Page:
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Motherboards Deliver Long-Life Availability

Long-life-availability motherboards promise to match product life cycles, reduce field support, and lower the total cost of ownership.

By Todd Shanar, ITOX Applied Computing

How does one define obsolete in the ever-changing embedded-computing-technology industry? If an engineer is using a standard off-the-shelf motherboard in an embedded application, the product is in jeopardy of being obsolete every 18 to 24 months. This lifespan is typical for most commercial motherboards. Beyond that lifespan, availability and support become compromised. Despite ongoing technological advancements, most computer-based solution manufacturers cannot afford to continually upgrade their products. It's simply too costly. In addition, it often creates compatibility issues with customer applications.

Think about it. How is life-cycle cost affected when a manufacturer must reconfigure the production of existing products every 18 months to two years? What additional testing must be performed to ensure that upgrades don't negatively impact already installed hardware and software? In addition, what's the cost in man-hours and time related to re-engineering, testing, and re-certification (see the Figure)?

For many industries--especially those representing the gaming, medical, military, and banking fields--stiff regulations further complicate these processes. They govern the upgrade or reconfiguration of all key computer components including motherboards. These complications are magnified even more by the angst of customers, who must sit and await the arrival of their products throughout the entire process.

For many industries, the accessibility of motherboards that offer long-term availability provides greater stability to the ongoing production of existing computer- based solutions. At the same time, it reduces product life-cycle costs. Now, companies working within the embedded computing field don't have to rely on products that become unavailable in 18 months with little notice. Instead, they can depend on standard and custom-designed boards that are guaranteed to be available for three to five years or even longer.

In the past few years, long-life products have advanced to meet a wide breadth of embedded-industry needs. Ranging in form factors from ATX through Mini-ITX, these motherboards are now based on Intel Embedded Roadmap components. They are designed as high-quality, modular, standards-based building blocks. In addition, the boards are designed to meet a wide range of customer requirements. Typically, they include features like the following: legacy ISA; PCI and PCI-X slots; PCI Express bus support; CompactFlash; GPIO; multiple Gigabit LAN ports; and support for LVDS digital flat-panel-display interface.

As a result, companies have eagerly embraced long-life-availability motherboards for their ability to:

  • Reduce certification, re-engineering, and testing costs
  • Allow engineering resources to stay focused on value-added components rather than the underlying platform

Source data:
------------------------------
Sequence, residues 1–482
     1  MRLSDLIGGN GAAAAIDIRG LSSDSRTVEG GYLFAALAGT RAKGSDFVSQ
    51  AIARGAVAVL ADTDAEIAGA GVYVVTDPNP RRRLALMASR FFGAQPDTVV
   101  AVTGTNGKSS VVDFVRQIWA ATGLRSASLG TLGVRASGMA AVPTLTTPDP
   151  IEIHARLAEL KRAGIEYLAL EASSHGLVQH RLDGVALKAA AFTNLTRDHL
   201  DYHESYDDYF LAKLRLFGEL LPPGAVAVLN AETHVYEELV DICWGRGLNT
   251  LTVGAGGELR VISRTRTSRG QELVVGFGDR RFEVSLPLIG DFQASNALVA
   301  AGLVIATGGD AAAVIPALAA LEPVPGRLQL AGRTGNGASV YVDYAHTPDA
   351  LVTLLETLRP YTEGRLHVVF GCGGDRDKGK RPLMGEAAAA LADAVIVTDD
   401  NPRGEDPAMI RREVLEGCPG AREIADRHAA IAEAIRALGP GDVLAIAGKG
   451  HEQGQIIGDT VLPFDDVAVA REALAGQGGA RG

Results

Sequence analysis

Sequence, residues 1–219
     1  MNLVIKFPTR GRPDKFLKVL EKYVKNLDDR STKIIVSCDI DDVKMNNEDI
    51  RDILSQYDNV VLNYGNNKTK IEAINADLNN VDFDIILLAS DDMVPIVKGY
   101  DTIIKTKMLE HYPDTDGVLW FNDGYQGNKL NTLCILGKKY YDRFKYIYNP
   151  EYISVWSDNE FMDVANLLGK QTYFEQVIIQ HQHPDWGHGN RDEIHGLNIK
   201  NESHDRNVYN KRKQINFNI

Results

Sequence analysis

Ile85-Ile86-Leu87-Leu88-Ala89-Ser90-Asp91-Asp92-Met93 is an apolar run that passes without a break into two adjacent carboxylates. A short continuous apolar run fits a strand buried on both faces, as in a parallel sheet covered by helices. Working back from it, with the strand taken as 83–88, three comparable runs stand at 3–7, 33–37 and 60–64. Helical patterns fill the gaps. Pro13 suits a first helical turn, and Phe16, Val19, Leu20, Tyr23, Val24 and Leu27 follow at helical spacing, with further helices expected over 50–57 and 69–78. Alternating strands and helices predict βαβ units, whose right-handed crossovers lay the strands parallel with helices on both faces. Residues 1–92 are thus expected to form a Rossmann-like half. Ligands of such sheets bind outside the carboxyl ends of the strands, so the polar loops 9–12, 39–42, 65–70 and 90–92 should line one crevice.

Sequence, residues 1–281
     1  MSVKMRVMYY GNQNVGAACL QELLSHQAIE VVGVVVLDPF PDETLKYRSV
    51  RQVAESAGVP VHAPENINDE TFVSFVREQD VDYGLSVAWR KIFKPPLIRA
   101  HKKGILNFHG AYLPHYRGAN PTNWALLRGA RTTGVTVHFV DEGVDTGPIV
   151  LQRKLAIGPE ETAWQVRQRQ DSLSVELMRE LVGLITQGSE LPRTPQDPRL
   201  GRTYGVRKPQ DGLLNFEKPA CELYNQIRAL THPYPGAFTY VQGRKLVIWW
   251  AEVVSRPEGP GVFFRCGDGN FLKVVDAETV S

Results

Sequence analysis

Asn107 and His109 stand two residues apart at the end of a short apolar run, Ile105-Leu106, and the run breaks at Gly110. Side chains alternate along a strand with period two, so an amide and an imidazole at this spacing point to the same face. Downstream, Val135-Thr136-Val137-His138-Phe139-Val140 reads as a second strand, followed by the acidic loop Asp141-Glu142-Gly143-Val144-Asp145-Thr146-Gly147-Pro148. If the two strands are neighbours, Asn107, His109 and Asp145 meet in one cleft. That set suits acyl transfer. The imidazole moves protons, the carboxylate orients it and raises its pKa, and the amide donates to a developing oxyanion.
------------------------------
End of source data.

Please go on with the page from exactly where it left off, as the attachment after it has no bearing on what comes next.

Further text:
• Facilitate smooth product transitions during revision changes and board replacement by providing advance notice of these events
Over the past decade, DTx Inc. has been just one of the many companies that benefited greatly from the introduction of long-life-availability motherboards. Headquartered in Melbourne, Florida, DTx specializes in embedded-computing solutions for the medical device industry. From blood analysis and medical imaging equipment to patient monitoring, DTx supports many medical OEMs. The company offers integrated solutions that define new technologies, achieve performance standards, extend life cycles, and meet cost targets.

By controlling the rapid technological changes that can jeopardize regulatory certifications, DTx better supports its customers. It delivers stable, managed computing solutions with greatly extended life cycles. "Unlike mass-produced technology like cell phones or personal computers, medical-device makers must adhere to strict regulatory requirements," says Phillip Gerard, the company's Executive Vice President of Sales and Marketing. "Our overall goal is to provide predictability in an unstable environment by managing the impact of changing technologies."

"Since a key ingredient in this process is successful supply-chain and life-cycle management, the long-term availability of components--including motherboards--is important. Our design process can last two years. The certified products are expected to perform error-free with minimal changes for the next five to seven years. Given this mission, revisions to any component can prove extremely costly and time consuming due to the possible need for additional engineering support, product testing, upgrades, compliance testing, and re-certification."


According to Gerard, the ability to forecast product roadmaps through the use of long-life-availability motherboards is a major benefit. "Because extended-life motherboards are available for a minimum of three to five years and revision and EOL announcements are made at least six months before occurring, product strategies can be gauged well in advance."